scrips properly now, but it still won’t send mail when I reply. Another bit
of evidence is that RT used to say “Correspondence Sent” and stylize the
action with a special green color when mail was sent. Now it says
"Correspondence Added" and uses the standard blue color.

Are you sure? I can’t see “Correspondence Sent” anywhere in the
history of lib/RT/Transaction.pm; the previous wording appears to
have been ‘Mail sent by ". $self->CreatorObj->Name’ which was
changed to “Correspondence added” for 2.0.2.

Green vs. Blue distinguishes outbound from inbound correspondence.

I understand the idea of this discussion group attempting to get everyone to
buy support before offering assistance.

Uh, no; you’re wrong, you’re completely off-base, and did I mention that
your assumption is incorrect?

I think, and correct me if I’m wrong, Phil, but I think the point was
not that people here aren’t willing to help even though they don’t get
paid to answer list mail; it’s more along the lines of “if you pay Jesse,
he’ll be able to focus on you” - people who read this list, for the most
part, do have paying jobs that they have to attend to and reading this
list is usually just a sideline…

I’ll look through the archives and see if I can offer some help, since I
came into this thread in the middle…

Steve Sobol, CTO JustThe.net LLC, Mentor On The Lake, OH

I understand the idea of this discussion group attempting to get everyone
to buy support before offering assistance.

That’s not the idea of this list at all. This is a bunch of volunteers
doing things that they find interesting. Generally, “I’ve screwed
things up, could someone please bail me out?” isn’t something very
interesting to work on, so there’s no reason to /expect/ anything of
this list. The only way you can expect support is to pay for it, and
now you need to figure out what your time is worth to you.

Wow… people “expect” things from a mailing list? Lets get some rope and when
we find someone that “expects” something we’ll hang 'em real good! I’m with
you there, don’t know who isn’t, and I’m curious why you mentioned it?
Perhaps I confused you or didn’t word my queries properly. Sorry if that’s
the case.

In other words, it’s not “before offering assistance”. If no-one
offers assistance, it’s because they don’t want to, or
can’t. Suggesting that you buy support is orthogonal to that –
suggesting that since you’re not getting the help you need here,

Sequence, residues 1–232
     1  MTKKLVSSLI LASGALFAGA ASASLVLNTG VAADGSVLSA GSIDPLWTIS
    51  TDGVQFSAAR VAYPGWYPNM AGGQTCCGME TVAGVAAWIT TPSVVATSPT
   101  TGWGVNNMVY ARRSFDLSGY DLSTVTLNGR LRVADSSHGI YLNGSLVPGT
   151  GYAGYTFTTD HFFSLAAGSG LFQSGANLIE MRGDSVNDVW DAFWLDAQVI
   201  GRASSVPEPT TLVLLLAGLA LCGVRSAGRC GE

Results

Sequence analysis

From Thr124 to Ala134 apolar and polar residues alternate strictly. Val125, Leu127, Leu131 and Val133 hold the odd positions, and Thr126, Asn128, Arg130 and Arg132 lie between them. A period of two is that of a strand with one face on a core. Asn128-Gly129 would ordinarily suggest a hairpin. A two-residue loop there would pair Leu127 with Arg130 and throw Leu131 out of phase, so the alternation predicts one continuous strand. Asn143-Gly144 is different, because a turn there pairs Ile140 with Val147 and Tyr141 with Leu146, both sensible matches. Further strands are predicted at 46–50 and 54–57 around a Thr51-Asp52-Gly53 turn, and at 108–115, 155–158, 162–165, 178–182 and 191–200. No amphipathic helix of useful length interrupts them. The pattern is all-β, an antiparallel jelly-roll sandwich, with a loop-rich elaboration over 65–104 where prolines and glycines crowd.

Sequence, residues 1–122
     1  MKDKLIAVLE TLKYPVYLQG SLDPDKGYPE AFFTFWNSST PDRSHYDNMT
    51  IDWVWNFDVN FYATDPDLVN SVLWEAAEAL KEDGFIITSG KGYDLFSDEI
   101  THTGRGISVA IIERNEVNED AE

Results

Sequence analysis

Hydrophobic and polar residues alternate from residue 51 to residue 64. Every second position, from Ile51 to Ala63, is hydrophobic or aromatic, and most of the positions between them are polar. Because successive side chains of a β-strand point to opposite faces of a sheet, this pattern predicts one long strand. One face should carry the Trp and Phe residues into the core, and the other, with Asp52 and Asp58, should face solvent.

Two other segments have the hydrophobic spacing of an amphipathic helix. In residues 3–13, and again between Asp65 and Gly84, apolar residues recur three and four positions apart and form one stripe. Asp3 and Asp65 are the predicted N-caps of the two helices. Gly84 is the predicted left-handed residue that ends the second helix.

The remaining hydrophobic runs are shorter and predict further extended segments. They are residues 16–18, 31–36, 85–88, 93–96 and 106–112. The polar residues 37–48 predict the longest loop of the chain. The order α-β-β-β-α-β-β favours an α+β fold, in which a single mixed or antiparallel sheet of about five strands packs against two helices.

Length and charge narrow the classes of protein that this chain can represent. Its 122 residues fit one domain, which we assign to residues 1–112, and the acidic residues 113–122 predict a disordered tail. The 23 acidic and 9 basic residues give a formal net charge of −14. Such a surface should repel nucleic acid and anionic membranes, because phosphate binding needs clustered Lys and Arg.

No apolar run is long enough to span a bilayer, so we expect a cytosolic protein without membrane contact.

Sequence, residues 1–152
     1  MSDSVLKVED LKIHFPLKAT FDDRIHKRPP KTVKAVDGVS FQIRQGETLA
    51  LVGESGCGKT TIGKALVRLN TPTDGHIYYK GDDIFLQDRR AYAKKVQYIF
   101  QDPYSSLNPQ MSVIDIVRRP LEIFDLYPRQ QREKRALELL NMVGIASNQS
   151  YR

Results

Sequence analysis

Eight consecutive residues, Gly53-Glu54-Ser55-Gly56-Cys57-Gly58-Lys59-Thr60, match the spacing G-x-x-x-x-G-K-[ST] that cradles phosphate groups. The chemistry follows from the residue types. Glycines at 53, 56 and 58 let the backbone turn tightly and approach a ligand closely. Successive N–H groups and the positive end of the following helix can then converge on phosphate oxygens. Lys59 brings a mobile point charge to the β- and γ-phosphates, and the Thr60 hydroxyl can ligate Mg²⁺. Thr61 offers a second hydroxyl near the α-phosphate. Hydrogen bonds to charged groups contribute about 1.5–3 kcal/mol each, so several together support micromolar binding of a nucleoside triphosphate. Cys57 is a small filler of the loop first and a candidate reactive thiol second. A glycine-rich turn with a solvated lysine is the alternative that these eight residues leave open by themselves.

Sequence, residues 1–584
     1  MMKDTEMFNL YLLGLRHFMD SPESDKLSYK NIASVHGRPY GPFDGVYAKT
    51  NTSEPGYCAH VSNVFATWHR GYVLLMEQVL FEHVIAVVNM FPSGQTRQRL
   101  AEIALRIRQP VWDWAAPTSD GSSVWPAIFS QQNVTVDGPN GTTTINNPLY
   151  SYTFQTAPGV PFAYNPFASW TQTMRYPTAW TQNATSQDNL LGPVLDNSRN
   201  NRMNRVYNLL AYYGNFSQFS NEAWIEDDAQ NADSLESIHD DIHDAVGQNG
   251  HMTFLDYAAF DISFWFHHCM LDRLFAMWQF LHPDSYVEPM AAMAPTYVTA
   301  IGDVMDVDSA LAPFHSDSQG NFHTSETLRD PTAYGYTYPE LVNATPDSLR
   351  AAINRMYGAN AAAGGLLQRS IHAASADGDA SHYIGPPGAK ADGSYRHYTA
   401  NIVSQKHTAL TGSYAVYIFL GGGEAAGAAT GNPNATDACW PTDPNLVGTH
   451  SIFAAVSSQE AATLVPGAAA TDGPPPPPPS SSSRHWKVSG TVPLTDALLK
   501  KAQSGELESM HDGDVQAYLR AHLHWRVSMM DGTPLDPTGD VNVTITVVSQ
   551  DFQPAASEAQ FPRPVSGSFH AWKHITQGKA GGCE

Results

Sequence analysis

thre’s an alternative. That you haven’t bought support has nothing
at all to do with whether or not people here will help.

Suggesting that I buy support is “like a matrix whose transpose equals its
inverse” ? Hmm… Perhaps to you… But to me it just seems like the option of
pay support is very obvious, and someone who has made it this far is likely
to be well aware of the option. To reply with “you could buy help for this”,
is fine, as I said, but not only am I aware of the option, I’ve gone as far
as to have private discussions with Jesse about it. I’m simply letting all
the long-term list readers know that I’ve considered that option.

For instance, you wrote

Anyone want to mock my process and perhaps suggest a better method of
getting RT to resume sending mail when I reply to a message?

That would mean that someone would have to either set up an entirely
new RT instance just to help you solve your problem – and even then
would have to count on making the same error you made that broke
everything – or to put their production or development RT instance at
risk by doing things that are known to break it. There’s really no
incentive for anyone to do that, so you have to create an incentive,
and one tends to create that sort of incentive by paying someone else
to do it.

I may be misunderstanding this, but have you ever fixed a problem by calling
on the experience of others? If I thought the only way to fix my problem,
with a commonly used piece of software, on an even more comonly used OS, was
to re-create the problem, I wouldn’t of even posted. Again, I don’t know
where you derive your line of thought, but I actually find it weird that a
wise man would only assume one method of fixing a problem exists. I want
feedback from people with experience, even if it’s just hints like, “Oh I had
something like that happen, it was a bug with…blah…blah…”…

(Were I you, though, I’d just start over.)

-Rich

As I said, and I believe it’s an understatement, we really don’t think a lot
alike. Thanks for your suggestion on restarting from scratch, I’ve actually
considered that, but I’ll add your vote to my thought process.

  • Ryan